TCS Daily


'Radicalism and Technology'

By Yuval Levin - October 10, 2002 12:00 AM

The new National Security Strategy document released by the White House last month includes a terse one-sentence summary of the risks we confront: "The gravest danger our Nation faces lies at the crossroads of radicalism and technology." This is certainly true, but it is worth noting that at this crossroads also lies the greatest danger facing our opponents.

The risk to us is mostly plain and simple. Modern technology is uniquely suited to empowering madmen and fanatical cults of destruction. In earlier ages, to pose a real threat to the security of a great nation usually required large armies, smart strategy and good tactics, which in turn required numbers, prudence and practical sense usually lacking in bands of barking-mad zealots.

Today, doing certain sorts of real damage can require only technical knowledge and daring-a combination quite common at the edges of sanity. From its beginnings, the modern move in both science and politics has aimed to empower the individual, and it has succeeded in the realm of war as in others. Only in our age of technology could 19 men kill three thousand in an instant. And only in this age could we plausibly fear the loss of many thousands more in a nuclear, chemical or biological attack by a relatively small group of loosely organized madmen.

But the fact that Al-Qaeda can only threaten us with our own high technology reveals not only our vulnerability, but also their weakness. Their own stated purpose in threatening us, and in killing and maiming us, is after all to undermine the very culture and civilization that has made that high technology possible. If they can hurt us only with our weapons, then their mission-the undoing of western modernity-seems fatally weak at its core. That they can only confront us at "the crossroads of radicalism and technology" spells more trouble for them than for us.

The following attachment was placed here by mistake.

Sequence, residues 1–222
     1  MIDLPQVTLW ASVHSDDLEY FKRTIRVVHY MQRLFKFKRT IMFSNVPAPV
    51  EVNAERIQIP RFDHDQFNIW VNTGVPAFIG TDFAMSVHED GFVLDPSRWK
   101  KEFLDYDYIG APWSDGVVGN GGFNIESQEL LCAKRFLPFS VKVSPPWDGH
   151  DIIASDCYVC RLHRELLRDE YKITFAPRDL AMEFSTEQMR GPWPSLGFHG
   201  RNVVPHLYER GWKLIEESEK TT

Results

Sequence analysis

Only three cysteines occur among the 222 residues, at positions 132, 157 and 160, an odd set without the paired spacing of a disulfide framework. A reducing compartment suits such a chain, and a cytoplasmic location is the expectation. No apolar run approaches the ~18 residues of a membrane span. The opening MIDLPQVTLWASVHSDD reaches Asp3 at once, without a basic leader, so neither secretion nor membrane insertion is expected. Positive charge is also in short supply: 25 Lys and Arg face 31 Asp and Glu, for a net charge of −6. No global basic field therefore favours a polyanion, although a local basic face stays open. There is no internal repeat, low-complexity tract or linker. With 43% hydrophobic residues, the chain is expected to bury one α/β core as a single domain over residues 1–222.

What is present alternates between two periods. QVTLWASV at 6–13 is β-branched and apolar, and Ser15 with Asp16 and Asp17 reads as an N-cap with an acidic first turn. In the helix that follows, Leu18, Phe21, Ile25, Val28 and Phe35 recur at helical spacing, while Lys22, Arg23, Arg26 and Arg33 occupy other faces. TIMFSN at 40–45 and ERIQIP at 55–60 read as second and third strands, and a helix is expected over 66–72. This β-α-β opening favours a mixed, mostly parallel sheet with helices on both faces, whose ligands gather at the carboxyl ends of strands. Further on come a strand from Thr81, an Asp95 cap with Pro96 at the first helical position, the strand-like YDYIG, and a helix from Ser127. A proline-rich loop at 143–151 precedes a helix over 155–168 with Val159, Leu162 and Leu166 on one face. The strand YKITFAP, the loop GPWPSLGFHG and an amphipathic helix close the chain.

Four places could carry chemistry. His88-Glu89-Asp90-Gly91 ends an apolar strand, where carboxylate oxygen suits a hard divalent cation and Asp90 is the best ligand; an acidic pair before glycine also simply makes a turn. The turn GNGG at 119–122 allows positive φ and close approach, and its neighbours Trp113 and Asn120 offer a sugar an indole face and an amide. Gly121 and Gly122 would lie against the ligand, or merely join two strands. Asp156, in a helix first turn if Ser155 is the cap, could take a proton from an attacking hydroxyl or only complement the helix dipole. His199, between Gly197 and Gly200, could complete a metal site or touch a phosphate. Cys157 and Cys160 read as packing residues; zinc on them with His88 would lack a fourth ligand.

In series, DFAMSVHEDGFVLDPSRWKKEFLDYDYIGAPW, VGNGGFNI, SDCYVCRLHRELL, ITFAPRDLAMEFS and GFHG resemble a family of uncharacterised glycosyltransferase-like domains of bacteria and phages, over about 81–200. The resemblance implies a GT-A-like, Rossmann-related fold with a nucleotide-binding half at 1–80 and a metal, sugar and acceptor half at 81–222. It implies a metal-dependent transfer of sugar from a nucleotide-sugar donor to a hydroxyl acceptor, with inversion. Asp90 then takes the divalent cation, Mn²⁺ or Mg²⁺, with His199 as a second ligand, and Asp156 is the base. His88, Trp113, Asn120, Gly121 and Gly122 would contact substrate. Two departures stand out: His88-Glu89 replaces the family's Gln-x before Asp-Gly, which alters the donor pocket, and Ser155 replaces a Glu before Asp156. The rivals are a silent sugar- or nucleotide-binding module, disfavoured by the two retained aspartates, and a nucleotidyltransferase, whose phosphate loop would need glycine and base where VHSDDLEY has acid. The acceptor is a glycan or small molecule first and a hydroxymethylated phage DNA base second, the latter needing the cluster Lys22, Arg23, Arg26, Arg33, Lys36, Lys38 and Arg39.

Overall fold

It is so troubling for them because our technology always carries with it hints of the larger culture that produces it. In fact, this is why many Western worriers about technology (among whom I now and then count myself) are so concerned about it: because a lot of modern technology relies upon and points toward a culture of its own, a culture of radical individualism, technical utopianism, and total materialism. If this is far from our ideal, it is immeasurably further from the ideal of Muslim radicals.